Racial Inequities in COVID-19 Vaccine Distribution


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IMBALANCE: COVID-19 shines a spotlight on the flawed healthcare system in the United States.

Kathy Chun, THO Editor-in-Chief

How do you choose who lives or dies? In the summer of 2020, the United States witnessed social movements for racial equity overlap with the destruction of the COVID-19 pandemic. As large numbers of vaccination doses roll out, we seem to increasingly witness greater relevance between the two.

As vaccination spreads in availability, a greater gap has formed within American communities, tearing the United States into those who are able to get the vaccine and those who are not. Data shows that in most states, Black and Hispanic individuals receive a significantly smaller portion of available vaccines in comparison to their population proportion and their share of cases or deaths caused by COVID-19. For instance, Black individuals have received only 15% of Mississippi’s total vaccination doses, despite making up nearly 42% of COVID-19 deaths in the state. Other minorities including Native and Hispanic populations are facing similar disparities. With Black, Native American and Hispanic COVID-19 death rates nearly three times those of their white counterparts, the disparity in vaccine accessibility reveals a larger system of inequity not only particular to COVID-19 vaccines but rather the entire healthcare system and the United States as a whole.

The issue primarily stems from a number of deep-rooted factors ingrained into the racial injustices of the United States. Among healthcare workers alone, people of color face significantly less access to adequate personal protective equipment (PPE) and are much more likely to face greater exposure to COVID-19 patients to a clinical setting. Upon analyzing antibody evidence of previous COVID-19 infection among healthcare workers, the CDC concluded that healthcare workers of color faced higher rates of seropositivity than their white colleagues, suggesting higher likelihood of prior infection.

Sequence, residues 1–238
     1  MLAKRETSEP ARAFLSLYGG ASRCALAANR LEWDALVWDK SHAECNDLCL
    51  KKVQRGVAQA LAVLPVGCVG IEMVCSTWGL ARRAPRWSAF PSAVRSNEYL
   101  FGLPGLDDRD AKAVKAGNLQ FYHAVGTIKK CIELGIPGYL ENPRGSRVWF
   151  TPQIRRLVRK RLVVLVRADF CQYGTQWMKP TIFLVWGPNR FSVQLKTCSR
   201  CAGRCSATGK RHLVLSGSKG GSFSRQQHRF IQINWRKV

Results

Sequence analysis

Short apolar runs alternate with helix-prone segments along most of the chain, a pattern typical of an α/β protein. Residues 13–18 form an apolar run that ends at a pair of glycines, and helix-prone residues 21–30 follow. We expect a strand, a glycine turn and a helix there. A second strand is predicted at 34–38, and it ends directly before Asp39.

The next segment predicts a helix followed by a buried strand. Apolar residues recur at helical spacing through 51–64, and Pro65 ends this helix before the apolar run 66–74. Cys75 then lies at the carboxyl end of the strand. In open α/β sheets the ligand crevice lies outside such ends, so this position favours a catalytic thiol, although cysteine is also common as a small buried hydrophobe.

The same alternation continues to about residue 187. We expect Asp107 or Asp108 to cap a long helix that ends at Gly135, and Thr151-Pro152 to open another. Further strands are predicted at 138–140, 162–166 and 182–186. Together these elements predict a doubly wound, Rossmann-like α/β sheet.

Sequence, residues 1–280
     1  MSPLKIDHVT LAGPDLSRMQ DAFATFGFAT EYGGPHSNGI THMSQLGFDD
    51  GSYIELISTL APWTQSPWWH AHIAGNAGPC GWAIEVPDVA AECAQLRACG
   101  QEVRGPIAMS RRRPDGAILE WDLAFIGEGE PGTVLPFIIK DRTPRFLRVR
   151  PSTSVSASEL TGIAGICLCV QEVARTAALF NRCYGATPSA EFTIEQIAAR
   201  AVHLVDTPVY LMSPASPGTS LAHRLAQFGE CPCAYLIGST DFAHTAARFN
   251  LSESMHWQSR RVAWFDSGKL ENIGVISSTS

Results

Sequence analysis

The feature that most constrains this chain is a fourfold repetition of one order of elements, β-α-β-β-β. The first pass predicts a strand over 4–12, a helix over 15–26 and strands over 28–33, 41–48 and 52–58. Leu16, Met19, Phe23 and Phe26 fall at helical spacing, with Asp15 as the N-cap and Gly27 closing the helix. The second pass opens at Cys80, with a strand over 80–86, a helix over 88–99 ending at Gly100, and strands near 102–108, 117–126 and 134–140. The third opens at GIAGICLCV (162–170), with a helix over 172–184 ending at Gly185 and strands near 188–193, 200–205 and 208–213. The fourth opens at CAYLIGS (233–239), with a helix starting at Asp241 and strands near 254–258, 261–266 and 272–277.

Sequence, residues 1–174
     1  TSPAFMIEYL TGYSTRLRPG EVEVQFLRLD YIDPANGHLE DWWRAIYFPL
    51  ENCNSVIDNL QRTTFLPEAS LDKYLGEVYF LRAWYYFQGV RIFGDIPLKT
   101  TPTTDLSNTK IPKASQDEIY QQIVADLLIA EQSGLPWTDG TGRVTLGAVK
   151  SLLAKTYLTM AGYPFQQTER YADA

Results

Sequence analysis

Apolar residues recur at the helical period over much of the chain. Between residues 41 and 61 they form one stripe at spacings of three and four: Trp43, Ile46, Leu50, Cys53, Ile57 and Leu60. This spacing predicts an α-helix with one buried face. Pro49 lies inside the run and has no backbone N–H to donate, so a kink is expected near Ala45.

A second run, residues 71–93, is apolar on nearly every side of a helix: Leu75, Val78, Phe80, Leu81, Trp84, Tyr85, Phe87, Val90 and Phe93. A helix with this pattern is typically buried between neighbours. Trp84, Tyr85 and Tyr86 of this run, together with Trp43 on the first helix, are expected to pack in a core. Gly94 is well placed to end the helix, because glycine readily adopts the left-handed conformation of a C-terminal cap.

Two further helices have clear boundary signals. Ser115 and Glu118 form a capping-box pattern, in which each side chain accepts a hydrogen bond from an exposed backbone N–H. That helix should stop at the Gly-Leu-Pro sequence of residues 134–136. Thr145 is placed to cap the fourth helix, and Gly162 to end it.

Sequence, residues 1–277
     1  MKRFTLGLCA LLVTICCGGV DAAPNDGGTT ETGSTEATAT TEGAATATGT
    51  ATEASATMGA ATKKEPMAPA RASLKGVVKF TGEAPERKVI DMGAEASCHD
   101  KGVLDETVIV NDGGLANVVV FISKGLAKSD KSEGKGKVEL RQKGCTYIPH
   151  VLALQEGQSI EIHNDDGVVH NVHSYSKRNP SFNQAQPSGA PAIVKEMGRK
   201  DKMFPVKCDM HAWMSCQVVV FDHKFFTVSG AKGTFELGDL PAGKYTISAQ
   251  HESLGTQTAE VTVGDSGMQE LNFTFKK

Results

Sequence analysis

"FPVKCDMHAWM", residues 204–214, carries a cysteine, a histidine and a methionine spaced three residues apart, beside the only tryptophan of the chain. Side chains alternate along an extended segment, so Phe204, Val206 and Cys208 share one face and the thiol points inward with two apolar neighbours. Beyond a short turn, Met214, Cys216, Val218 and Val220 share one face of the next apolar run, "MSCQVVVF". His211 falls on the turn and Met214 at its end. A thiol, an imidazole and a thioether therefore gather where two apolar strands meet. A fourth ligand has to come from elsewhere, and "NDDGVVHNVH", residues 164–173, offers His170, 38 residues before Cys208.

Structural inequality has created even greater disparities in the general population as Black individuals face greater rates of contraction and death in nearly every state. Throughout the 20th century, redlining—an unjust practice of services that discriminates against residents of certain areas based on race or ethnicity—has segregated racial minorities, particularly Black communities, and trapped them from earning higher education, buying homes and accumulating wealth. Black communities are also typically areas of greater population density, increasing the rate of COVID-19 transmission compared to more affluent, predominantly white regions. While facing both higher dependence on public transport and reduced access to hospitals or equitable healthcare, Black workers represent a larger proportion of the COVID-19 essential workforce—bus drivers, food service workers, cashiers, etc. A history of discriminatory treatment against racial minorities has also fostered a deep distrust of the medical community of the healthcare industry. With reports of police stopping Black PPE-wearing healthcare workers in stores and openly coughing at Black residents in a public housing complex, the Black community faces a number of racial biases that shape disparities in healthcare. 

As COVID-19 vaccines increase in availability, we can hope to see inequities reduce as states are increasingly recruiting vaccinators in local neighborhoods through the CDC’s social vulnerability index, which interprets race, density of housing and poverty, as the Biden administration hopes to establish more racial equity for the vaccine rollout. But even after the COVID-19 pandemic subsides, the United States will continue to face greater racial injustices that may take more than a two-dose vaccine to eradicate.